Walking, like our fingers moving across the pages of our Bibles, is one of the descriptors of faith in the Bible. In Isaiah 30, we find a fun name for our God associated with this walk – Teacher.

We do not walk alone, girls. We have a Teacher who guides and leads. While this passage doesn’t speak about clay, it fits into our title of clay because clay is moldable. It’s instruct-able. When we say, “Mold me and make me, Lord. You are the potter, I am the clay.” We also say –

Teach me.

Walk with me.

Show me the way.

Isaiah 30 gives us clarity in this picture. As we walk in faith, not in perfection, but simply walking, we grow up into Him, into the Teacher, Christ Jesus. Look at Ephesians 4:14-15:

…so that we may no longer be children, tossed to and fro by the waves and carried about by every wind of doctrine, by human cunning, by craftiness in deceitful schemes. 15 Rather, speaking the truth in love, we are to grow up in every way into him who is the head, into Christ…

Look just a tiny bit further in your Scriptures and rest on Ephesians 5:1-2.

Therefore be imitators of God, as beloved children. And walk in love, as Christ loved us and gave himself up for us, a fragrant offering and sacrifice to God.

Living the truth in love looks a whole lot like walking.

Therefore…walk in love. I so often walk in hurt, in bitterness, in impatience, in discontent, in annoyance, in apathy.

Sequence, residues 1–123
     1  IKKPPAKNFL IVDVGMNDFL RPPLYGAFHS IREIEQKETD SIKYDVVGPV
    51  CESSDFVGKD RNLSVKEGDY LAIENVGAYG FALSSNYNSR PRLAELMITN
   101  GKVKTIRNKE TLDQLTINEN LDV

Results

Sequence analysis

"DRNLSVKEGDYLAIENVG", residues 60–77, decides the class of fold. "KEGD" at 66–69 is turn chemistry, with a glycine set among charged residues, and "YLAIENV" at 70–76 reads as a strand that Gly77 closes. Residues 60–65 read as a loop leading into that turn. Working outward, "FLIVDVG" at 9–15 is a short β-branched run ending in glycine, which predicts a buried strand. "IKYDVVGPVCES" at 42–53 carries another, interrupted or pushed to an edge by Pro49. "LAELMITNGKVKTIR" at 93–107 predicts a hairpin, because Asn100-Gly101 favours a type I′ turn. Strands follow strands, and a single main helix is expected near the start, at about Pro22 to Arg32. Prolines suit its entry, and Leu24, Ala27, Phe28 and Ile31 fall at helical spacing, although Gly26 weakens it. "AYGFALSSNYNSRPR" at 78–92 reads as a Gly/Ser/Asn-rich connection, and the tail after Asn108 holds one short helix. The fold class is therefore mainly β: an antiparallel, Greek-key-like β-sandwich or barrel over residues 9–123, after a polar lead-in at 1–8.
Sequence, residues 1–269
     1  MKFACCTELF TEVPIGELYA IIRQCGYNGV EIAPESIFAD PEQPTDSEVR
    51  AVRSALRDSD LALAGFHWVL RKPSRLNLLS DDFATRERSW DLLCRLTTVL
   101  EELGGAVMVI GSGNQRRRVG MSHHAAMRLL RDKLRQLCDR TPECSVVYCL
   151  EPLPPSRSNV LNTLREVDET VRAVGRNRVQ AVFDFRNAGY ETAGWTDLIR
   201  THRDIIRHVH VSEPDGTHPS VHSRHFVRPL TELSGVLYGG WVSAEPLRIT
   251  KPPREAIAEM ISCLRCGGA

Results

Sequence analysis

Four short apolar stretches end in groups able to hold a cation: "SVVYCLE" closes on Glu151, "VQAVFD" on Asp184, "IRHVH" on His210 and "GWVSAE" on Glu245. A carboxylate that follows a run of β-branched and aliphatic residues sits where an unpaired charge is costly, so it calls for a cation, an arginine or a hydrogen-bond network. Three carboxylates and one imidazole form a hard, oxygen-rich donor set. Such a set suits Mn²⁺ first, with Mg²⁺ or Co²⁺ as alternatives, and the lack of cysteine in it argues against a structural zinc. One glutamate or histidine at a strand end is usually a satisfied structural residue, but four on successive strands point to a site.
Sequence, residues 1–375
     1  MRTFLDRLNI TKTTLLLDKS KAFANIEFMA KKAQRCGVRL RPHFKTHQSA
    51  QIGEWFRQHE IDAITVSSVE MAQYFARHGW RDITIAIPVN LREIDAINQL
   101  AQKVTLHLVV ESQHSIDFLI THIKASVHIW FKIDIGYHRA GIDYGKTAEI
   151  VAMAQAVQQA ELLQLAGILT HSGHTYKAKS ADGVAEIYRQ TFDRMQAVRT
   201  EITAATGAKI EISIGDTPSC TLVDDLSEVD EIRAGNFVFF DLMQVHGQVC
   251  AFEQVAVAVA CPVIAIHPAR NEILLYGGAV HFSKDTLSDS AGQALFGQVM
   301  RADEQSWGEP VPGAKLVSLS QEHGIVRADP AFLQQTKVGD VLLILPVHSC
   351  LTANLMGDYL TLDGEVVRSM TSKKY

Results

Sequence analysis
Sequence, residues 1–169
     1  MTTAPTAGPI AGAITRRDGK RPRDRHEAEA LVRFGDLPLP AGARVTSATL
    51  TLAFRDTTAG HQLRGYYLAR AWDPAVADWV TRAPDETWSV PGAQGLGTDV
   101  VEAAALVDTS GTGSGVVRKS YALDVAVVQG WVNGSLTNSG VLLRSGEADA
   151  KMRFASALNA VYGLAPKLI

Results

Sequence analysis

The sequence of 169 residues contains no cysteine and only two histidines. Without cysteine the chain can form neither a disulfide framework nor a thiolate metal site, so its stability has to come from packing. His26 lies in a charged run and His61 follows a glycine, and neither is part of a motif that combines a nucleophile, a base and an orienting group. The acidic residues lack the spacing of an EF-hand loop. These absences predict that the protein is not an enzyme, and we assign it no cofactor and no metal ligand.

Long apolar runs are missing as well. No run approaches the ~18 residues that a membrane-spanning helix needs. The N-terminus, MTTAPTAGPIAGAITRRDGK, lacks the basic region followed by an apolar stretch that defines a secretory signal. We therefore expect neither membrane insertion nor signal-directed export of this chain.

Because of Jesus Christ, I can walk in love. I am instruct-able. I need and I have a Teacher to show me the way, to walk beside me, to walk behind me and cover me in forgiveness when I mess up. He also walks ahead to guide me in the True Light.

When I learn, I’m walking. When I grow, I’m walking. When I trust, I’m walking.

Check out Acts 9:1-2.

But Saul, still breathing threats and murder against the disciples of the Lord, went to the high priest and asked him for letters to the synagogues at Damascus, so that if he found any belonging to the Way, men or women, he might bring them bound to Jerusalem.

Paul, he was walking as God’s clay before he even knew it. He was walking hunting down people. He was walking in destruction. It’s ironic that Christianity is referenced here and only here as “the Way.” Neither right nor left, friends. Jesus is the Way. Paul walked and life changed forever along that Way.

When I am wrong, I’m walking. When I repent, I’m walking. When the breath of forgiveness rushes in, and covers my sin, I’m walking.

He leads. I walk. In His love, in His mercy, through crinkly pages and brokenness into marvelous, inestimable Grace.

Keep walking, friend. Clay walks.

 

Exploration:

What was your first experience with studying the Bible?

 

What group Bible studies have been memorable for you?

 

What is the hardest part of walking in love for you?